by Alasdair Macleod, Daily Reckoning
I imagine many GoldMoney customers read much commentary relevant to gold and economics, and come up against Say’s Law. Its importance might not be immediately obvious.
Jean-Baptiste Say was a French businessman and economist in his early twenties when the Bastille was stormed and the French revolution followed. While the terrors unleashed by the revolution are what we remember from history lessons, what is less known are the financial difficulties that France faced leading up to that fateful year: a combination of heavy public debt and a large financial deficit. In the years that followed France suffered an inevitable currency collapse.
It was against this background that Say concluded that to understand commerce you should ignore money, because people make products to acquire other products, or “products are paid for with products“. And he also wrote:
“Money performs but a momentary function in this double exchange; and when the transaction is finally closed, it will always be found, that one kind of commodity has been exchanged for another.”
This was conventional wisdom until the 1930s depression, when Keynes challenged the proposition that “supply creates its own demand“. Keynes dismissed this on the basis that Say’s Law “is equivalent to the proposition that there is no obstacle to full employment” (General Theory). Remember, this was written after the mass unemployment experienced in the Great Depression. Keynes went on to write that consumption depended on “the psychological characteristic of the community, which we shall call the propensity to consume“. In other words economic activity depends on animal spirits.
One can immediately see a conflict here: Say, who observed an economy working with and without money knew that without money life went on, even though the absence of reliable money was inconvenient. To him money was just a facilitator of transactions. To Keynes, money was important because it gives governments a means to stimulate demand. Say’s Law is the essence of free markets while Keynesianism the basis behind government intervention.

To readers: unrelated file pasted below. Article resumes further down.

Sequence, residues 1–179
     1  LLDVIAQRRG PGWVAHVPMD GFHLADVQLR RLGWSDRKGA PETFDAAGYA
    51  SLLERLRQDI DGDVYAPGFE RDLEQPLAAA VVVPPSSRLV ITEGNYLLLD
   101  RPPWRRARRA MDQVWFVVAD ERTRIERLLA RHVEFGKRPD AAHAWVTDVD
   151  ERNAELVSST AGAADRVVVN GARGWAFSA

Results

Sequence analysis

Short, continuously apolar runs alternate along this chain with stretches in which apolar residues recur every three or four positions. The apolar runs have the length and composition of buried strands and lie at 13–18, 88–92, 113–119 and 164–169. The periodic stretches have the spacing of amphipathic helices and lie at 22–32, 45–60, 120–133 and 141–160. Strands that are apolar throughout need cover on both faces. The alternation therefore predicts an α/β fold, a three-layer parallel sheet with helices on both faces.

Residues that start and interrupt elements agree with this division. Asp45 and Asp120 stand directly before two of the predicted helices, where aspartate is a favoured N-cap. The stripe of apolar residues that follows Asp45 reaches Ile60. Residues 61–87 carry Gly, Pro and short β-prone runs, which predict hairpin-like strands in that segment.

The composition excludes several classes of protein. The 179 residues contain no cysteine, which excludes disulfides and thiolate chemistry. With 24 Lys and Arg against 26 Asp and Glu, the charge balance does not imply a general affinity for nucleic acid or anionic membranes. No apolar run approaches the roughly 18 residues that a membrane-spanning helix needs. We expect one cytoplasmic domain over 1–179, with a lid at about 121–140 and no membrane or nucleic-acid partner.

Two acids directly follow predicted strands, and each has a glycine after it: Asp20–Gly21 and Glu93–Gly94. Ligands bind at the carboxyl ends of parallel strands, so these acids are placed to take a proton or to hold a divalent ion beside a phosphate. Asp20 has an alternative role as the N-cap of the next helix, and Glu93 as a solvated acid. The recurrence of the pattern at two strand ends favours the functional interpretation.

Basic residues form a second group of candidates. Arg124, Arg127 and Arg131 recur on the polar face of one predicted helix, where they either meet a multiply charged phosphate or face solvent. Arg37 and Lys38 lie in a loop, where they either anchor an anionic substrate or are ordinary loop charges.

The experience of the last five years with huge budget deficits and zero interest rates has shown the Keynesian approach has failed: no one can claim that attempts to revive our animal spirits have succeeded. And a moment’s thought informs us of the illogicality of stimulating consumer demand and ignoring production.
Unfortunately all this spending on intangible animal spirits has been going on since the 1930s, and has resulted in a stifling debt burden for both governments and their private sectors. Instead, inflation of money and bank credit is increasingly seen as the means to postpone a debt reconciliation that can only result in widespread bankruptcies. By following economic policies that ignored the truth of Say’s Law many governments have got themselves and their citizens into a debt trap from which there is no visible escape.
Say’s Law will be tested again if currency values decline, reflecting the last five years of monetary policies. After all, he made his observation following experience of the hyperinflation of the French mandat in 1796. But if Say’s Law still holds, we can at least take comfort that there is economic life after monetary death.